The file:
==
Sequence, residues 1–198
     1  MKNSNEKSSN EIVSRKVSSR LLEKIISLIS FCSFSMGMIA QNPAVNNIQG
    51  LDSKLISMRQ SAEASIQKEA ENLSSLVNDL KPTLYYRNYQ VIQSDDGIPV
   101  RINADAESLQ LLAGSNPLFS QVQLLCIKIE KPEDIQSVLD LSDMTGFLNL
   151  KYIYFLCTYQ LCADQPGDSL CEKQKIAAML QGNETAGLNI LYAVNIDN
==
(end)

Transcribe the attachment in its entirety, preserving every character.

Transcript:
Sequence, residues 1–198
     1  MKNSNEKSSN EIVSRKVSSR LLEKIISLIS FCSFSMGMIA QNPAVNNIQG
    51  LDSKLISMRQ SAEASIQKEA ENLSSLVNDL KPTLYYRNYQ VIQSDDGIPV
   101  RINADAESLQ LLAGSNPLFS QVQLLCIKIE KPEDIQSVLD LSDMTGFLNL
   151  KYIYFLCTYQ LCADQPGDSL CEKQKIAAML QGNETAGLNI LYAVNIDN